Here’s how Brooklyn’s City Council members voted on the city budget

Protest against the racial inequality in the aftermath of the death in Minneapolis police custody of George Floyd, in New York
The NYPD watches George Floyd protests.
REUTERS/Idris Solomon

During an hours-long virtual meeting Tuesday night, the City Council voted in favor of this year’s city budget, approving an almost $1 billion reduction in money allocated for the New York Police Department — a complex and controversial move that drew ire from both supporters of police and anti-law enforcement groups. 

“Now for some, it wasn’t enough, for some they wanted to push further, and we’re going to continue to work to get there,” said Crown Heights Councilwoman Laurie Cumbo. “But Speaker Corey Johnson, as you see, had a tremendous task of hearing and listening to the diversity of opinions of all the Council Members.”

Minutes before midnight on June 30, nine of Brooklyn’s city legislators voted to pass the budget, and six cast a vote against it — compared to a citywide vote tally of 32 in favor and 17 opposed.

Cumbo, the legislative body’s second highest ranking member, acknowledged the struggle of crafting a citywide budget at a time when New York faces a staggering $9 billion shortfall due to the COVID-19 pandemic, and demonstrators continue to march against police brutality throughout the five boroughs demanding significant reforms to the NYPD. 

“This Council had the tremendously difficult task of addressing the totality of racism that is embedded in every single aspect of our city’s agencies, during a time when we had to fill an almost $9 billion budget gap,” she said. 

While Mayor Bill de Blasio claimed that the budget met protesters’ demands to reduce the police department’s budget by $1 billion, detractors were quick to argue that cuts only amounted to $430 million — while another $537 million was directed to other agencies to perform the same duties previously assigned the the NYPD, such as money for the Department of Education to pay school safety officers. 

“A cop whose salary is paid by the DOE is still a cop policing young people in our schools,” said Bushwick state Sen. Julia Salazar on Twitter on June 29. “These cost shifts do not address New Yorkers’ demands to make meaningful cuts of at least $1 Billion from the NYPD’s operating budget.”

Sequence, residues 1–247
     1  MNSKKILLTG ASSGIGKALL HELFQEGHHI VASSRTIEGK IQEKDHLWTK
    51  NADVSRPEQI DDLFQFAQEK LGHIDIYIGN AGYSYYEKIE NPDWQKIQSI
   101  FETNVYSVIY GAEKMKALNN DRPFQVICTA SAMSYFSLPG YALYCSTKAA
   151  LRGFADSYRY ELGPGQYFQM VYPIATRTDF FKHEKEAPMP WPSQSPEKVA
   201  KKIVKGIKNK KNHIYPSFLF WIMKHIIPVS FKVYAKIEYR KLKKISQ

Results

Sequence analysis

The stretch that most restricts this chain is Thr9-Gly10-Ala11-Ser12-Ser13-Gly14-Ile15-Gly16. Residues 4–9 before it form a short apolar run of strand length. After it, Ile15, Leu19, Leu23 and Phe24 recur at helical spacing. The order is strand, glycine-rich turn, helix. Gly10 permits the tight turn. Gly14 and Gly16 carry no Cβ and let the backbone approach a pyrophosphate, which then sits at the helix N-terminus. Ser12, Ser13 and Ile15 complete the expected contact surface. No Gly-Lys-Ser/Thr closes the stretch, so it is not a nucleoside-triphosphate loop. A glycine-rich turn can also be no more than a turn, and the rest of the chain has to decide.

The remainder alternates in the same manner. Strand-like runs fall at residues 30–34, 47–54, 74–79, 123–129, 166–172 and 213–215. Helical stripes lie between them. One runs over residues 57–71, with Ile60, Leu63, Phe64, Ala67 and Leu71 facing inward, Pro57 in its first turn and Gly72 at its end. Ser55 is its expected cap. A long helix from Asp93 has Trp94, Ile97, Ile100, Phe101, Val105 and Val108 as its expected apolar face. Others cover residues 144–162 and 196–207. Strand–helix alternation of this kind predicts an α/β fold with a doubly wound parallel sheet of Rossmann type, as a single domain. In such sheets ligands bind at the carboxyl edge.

The budget does, however, temporarily lower the NYPD headcount by 1,163 officers by canceling two out of four cadet classes this year. Currently, there are about 36,000 uniformed officers in the Department.

As members of the Council debated the proposed budget long into the night, hundreds of protestors filled the park outside City Hall to demand more stringent cuts to law enforcement. 

The budget does include funds that will go to bringing back initiatives which Mayor Bill de Blasio had threatened to slash entirely, like the Summer Youth Employment Program, which will now get $115 million.

Brownsville Councilwoman Alicka Ampry-Samuel said that she voted in favor of the proposed budget to save some of these programs, which are essential to her constituents that have been ravaged by the coronavirus outbreak.

“The pandemic has underscored our vulnerabilities and weaknesses and put us in a position to either drive down a hill, or off a cliff,” Ampry-Samuel said. “So today I’m choosing to drive down the hill instead by returning peaceful school safety to their rightful place in the DOE, funding SYEP, prioritizing youth and communities, and funding the organizations that kept us alive during the height of the pandemic.”

Several Brooklyn legislators voted against the budget after echoing concerns that the proposed cuts to law enforcement did no go far enough — including Inez Barron of East New York, who, in 2015 was the lone vote against a budget that significantly expanded police. On Tuesday, she said that the only meaningful change will come from larger cuts to the NYPD’s headcount.

“We need a reduction in the ranks of those who are killing Black and brown people,” Barron said. “We need a hiring freeze, no new academy classes, and a reduction in uniformed officers headcount.”

Some opposition also came from conservative lawmakers, such as Sheepshead Bay Councilman Chaim Deutsch, who said he could not vote for any cuts to police budgets at all, especially amid a recent uptick in gun violence.

“I cannot support a budget that includes defunding the NYPD by $1 billion. It is neither productive for the safety of New Yorkers, nor a true reform that benefits the minority communities,” said Deutsch. “My constituents are afraid, New Yorkers are afraid, mothers are hesitant to send their children out, this is not a time to start making cuts and proposing deeper restrictions on the NYPD.”

Brooklynites in parts of Bushwick, Cypress Hills, Brownsville, Ocean Hill, and East New York did not have any representation over the proposal, as the Council’s District 37 will remain empty until early next year because former Councilman Rafael Espinal abruptly left office last January to take up an executive position at the non-profit Freelancers Union.

The budget takes effect on Wednesday, July 1, the start of the city’s new fiscal year.

Here’s a full list of votes by Brooklyn Council members:


  • Alicka Ampry-Samuel (Brownsville)
  • Justin Brannan (Bay Ridge)
  • Robert Cornegy (Bedford-Stuyvesant)
  • Mathieu Eugene (Prospect Lefferts Gardens)
  • Stephen Levin (Brooklyn Heights)
  • Farah Louis (Flatbush)
  • Alan Maisel (Marine Park)
  • Mark Treyger (Coney Island)
  • Laurie Cumbo (Clinton Hill)


  • Inez Barron (East New York)
  • Chaim Deutsch (Sheepshead Bay)
  • Brad Lander (Park Slope)
  • Carlos Menchaca (Sunset Park)
  • Antonio Reynoso (Bushwick)
  • Kalman Yeger (Borough Park)